Created as part of a collection of Arizona river overview documents titled "River of the Month Series, Celebrating Arizona’s Rivers". These reports were prepared and supported by Environmental Defense Fund, Sonoran Institute, Sierra Club, Grand Canyon Trust, Western Resource Advocates, and University of Arizona Water Resources Center.
If the Colorado River can be said to be the “lifeblood of the West,” the Salt River is the lifeblood of Phoenix and the surrounding communities. The story of the Salt is symbolic of the many faces of Arizona, from the river’s journey through a rugged and spectacular canyon wilderness to its essential role in cultivating the farms, industries, and development that gave rise to the sixth largest city in the U.S. in the unlikely landscape of the Sonoran Desert.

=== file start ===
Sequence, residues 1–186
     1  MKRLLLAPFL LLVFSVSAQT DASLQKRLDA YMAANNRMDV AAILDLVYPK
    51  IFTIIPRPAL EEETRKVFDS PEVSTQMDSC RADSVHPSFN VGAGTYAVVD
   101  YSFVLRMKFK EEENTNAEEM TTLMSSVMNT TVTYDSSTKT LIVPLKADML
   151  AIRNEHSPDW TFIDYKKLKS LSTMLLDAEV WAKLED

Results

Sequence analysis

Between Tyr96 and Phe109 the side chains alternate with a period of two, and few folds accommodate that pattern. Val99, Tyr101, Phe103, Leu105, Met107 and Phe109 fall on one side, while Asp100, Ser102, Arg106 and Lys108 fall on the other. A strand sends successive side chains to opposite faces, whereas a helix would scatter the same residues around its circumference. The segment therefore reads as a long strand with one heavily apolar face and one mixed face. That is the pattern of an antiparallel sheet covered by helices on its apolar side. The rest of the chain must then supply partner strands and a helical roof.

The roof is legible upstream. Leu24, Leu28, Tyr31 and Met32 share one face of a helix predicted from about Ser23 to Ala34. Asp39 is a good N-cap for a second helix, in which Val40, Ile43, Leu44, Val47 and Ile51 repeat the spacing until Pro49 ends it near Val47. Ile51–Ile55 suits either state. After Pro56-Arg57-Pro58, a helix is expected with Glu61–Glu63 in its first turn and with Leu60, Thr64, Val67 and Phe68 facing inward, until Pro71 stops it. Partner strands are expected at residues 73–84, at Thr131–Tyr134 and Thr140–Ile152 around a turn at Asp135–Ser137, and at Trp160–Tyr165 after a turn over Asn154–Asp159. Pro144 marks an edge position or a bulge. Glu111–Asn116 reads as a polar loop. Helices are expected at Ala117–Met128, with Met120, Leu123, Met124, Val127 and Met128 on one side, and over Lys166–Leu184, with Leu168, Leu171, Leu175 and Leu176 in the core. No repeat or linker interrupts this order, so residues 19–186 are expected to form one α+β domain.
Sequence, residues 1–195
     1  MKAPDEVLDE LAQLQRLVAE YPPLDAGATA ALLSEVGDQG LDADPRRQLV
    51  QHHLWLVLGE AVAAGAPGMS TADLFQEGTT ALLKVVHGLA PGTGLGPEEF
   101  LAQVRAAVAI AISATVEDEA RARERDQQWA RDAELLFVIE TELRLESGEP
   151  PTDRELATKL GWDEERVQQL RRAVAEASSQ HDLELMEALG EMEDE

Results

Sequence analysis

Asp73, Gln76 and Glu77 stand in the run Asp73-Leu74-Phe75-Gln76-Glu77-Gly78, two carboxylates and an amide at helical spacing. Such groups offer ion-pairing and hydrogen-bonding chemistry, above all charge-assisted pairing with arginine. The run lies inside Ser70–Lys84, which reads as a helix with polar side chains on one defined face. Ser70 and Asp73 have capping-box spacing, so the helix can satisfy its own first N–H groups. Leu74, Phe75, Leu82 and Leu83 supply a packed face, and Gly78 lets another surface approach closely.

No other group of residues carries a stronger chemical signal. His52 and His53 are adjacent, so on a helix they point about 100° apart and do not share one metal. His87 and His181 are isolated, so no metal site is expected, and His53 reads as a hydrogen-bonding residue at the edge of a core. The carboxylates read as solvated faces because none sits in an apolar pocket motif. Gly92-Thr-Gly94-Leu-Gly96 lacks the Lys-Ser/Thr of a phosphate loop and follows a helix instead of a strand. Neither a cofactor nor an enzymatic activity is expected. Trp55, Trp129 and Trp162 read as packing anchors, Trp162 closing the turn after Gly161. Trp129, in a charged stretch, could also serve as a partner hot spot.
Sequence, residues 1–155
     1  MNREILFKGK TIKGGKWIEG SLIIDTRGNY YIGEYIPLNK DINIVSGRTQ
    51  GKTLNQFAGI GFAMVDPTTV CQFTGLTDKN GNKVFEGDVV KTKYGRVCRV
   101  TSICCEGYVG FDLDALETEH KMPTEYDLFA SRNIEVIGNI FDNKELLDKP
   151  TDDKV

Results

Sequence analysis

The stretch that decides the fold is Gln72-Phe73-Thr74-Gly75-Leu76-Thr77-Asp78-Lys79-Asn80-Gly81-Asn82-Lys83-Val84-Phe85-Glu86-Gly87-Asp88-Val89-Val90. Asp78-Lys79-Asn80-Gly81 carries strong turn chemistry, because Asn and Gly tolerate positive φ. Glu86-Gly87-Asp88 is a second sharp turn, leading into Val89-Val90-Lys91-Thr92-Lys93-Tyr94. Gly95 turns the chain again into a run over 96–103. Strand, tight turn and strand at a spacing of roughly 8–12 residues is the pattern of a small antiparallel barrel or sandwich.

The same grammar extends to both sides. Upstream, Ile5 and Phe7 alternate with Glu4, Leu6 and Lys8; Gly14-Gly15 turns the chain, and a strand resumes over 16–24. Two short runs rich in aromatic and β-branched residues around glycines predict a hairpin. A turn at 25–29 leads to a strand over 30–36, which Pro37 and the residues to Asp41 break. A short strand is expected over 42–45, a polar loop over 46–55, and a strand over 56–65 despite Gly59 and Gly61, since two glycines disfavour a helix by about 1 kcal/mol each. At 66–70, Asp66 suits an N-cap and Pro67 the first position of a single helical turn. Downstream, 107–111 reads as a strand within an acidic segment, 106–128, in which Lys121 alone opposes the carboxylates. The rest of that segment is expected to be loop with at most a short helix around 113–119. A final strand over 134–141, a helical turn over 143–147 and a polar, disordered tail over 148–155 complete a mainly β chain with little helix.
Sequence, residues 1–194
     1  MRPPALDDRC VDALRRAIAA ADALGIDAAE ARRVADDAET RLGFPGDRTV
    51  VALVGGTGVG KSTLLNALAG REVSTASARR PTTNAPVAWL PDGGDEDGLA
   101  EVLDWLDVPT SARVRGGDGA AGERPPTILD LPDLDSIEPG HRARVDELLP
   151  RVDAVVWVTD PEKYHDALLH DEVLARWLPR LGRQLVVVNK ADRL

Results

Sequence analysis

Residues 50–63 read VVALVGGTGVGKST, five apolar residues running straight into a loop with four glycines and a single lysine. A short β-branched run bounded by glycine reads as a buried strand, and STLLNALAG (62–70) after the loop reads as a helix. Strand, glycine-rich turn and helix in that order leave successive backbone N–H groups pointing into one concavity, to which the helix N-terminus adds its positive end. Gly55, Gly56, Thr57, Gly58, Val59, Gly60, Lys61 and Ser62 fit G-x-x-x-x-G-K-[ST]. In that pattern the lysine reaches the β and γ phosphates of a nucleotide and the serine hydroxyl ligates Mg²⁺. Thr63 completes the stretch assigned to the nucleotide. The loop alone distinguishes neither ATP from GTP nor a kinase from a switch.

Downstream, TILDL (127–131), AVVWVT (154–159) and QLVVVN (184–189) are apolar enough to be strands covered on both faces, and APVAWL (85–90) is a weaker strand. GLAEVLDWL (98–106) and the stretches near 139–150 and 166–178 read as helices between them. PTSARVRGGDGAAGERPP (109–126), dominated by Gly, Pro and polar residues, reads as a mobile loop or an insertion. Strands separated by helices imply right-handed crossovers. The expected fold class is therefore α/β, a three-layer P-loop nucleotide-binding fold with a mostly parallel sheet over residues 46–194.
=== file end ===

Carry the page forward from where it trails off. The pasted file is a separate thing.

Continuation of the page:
In the late 1860s, a copper boom brought a flood of fortune seekers to Arizona, including prospector and farmer Jack Swilling. It is said that when Swilling noticed the remnants of canals constructed by the ancient Hohokam people, he realized the irrigation potential of the Salt River Valley. “Swilling’s Ditch” was completed in 1868 and was the first modern diversion of the Salt. The subsequent series of projects undertaken to ensure a water supply for the valley eventually became part of the Salt River Project (SRP). Today, SRP supplies water and power to many of the over four million people in the Phoenix region.
In addition to enabling the growth of Arizona’s largest urban area, the Salt and its tributaries support diverse ecosystems and some of the most dramatic landscapes in the state.